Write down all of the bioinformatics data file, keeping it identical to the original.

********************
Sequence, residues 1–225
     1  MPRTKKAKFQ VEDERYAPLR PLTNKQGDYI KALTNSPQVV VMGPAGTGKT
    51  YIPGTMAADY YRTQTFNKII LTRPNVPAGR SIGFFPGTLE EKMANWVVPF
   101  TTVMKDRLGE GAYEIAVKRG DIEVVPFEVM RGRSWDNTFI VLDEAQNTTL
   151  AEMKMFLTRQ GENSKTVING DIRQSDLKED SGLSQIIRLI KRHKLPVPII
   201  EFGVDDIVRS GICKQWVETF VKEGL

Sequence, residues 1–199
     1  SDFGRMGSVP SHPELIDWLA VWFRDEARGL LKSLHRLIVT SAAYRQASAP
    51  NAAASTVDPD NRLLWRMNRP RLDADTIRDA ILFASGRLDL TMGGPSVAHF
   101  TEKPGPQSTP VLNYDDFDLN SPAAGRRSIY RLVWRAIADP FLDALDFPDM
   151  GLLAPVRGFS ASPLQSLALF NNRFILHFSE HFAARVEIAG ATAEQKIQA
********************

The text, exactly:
Sequence, residues 1–225
     1  MPRTKKAKFQ VEDERYAPLR PLTNKQGDYI KALTNSPQVV VMGPAGTGKT
    51  YIPGTMAADY YRTQTFNKII LTRPNVPAGR SIGFFPGTLE EKMANWVVPF
   101  TTVMKDRLGE GAYEIAVKRG DIEVVPFEVM RGRSWDNTFI VLDEAQNTTL
   151  AEMKMFLTRQ GENSKTVING DIRQSDLKED SGLSQIIRLI KRHKLPVPII
   201  EFGVDDIVRS GICKQWVETF VKEGL

Sequence, residues 1–199
     1  SDFGRMGSVP SHPELIDWLA VWFRDEARGL LKSLHRLIVT SAAYRQASAP
    51  NAAASTVDPD NRLLWRMNRP RLDADTIRDA ILFASGRLDL TMGGPSVAHF
   101  TEKPGPQSTP VLNYDDFDLN SPAAGRRSIY RLVWRAIADP FLDALDFPDM
   151  GLLAPVRGFS ASPLQSLALF NNRFILHFSE HFAARVEIAG ATAEQKIQA